"Yes, I had a narrow escape. So far as I know, Capt. Roberts and I were the two last men to leave the ship. We both rolled off the hurricane deck together just before the ship went down. I was in the water only a few moments when I was picked up by the crew of the "Sea Lion'. I was hurt and I do not think I would have lived many minutes. A little while before the last, I had started down the companionway and had fallen. I was operated on for appendicitis last summer, and the fall opened the old wound. I tied a piece of ---- around my body under my coat, and I believe that support saved my life. When I jumped into the water I had a long top coat on besides my other clothes, but I had on a belt and I floated all right.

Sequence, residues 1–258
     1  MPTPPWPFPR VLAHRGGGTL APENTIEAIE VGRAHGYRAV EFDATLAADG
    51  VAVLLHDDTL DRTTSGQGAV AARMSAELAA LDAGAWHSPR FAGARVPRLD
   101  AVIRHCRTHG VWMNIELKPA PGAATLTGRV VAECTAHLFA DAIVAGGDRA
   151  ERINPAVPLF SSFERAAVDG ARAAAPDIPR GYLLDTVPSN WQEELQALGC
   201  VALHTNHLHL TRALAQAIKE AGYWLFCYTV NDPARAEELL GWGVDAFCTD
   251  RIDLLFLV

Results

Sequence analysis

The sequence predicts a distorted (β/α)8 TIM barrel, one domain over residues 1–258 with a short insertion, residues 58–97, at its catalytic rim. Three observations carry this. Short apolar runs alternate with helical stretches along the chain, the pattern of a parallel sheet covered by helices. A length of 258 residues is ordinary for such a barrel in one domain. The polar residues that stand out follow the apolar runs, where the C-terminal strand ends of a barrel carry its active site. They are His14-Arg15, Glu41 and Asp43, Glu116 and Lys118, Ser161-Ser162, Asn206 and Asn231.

"I wish some of the people who criticize Captain Roberts could have been aboard that night and seen him work. He was perfectly cool and during all the terrible hours did three men's work, besides superintending everything. I see by the papers he is blamed for putting the women and children in the life boats. If he had not done so there would have been more lives lost than as it was. The women and children could never have climbed up where we were on top of the hurricane deck, toward the last, or, if they had, would have been washed into the sea one by one.
"People do not know - they cannot realize - the straits to which we were put. The captain did what he thought was best - what everybody thought - was best at the time. There were plenty of men there who would gladly have risked their lives in the boats in preference to staying on the steamer.
"One thing that has not been mentioned, to my knowledge, was the heroism of so many men in gladly giving place to the women and children. I doubt if there be a case on record where so many were risking there lives and where no acts of brutalism or cowardice were reported. So far as I know, there was not a single instance of where one man tried to save his life at the expense of others.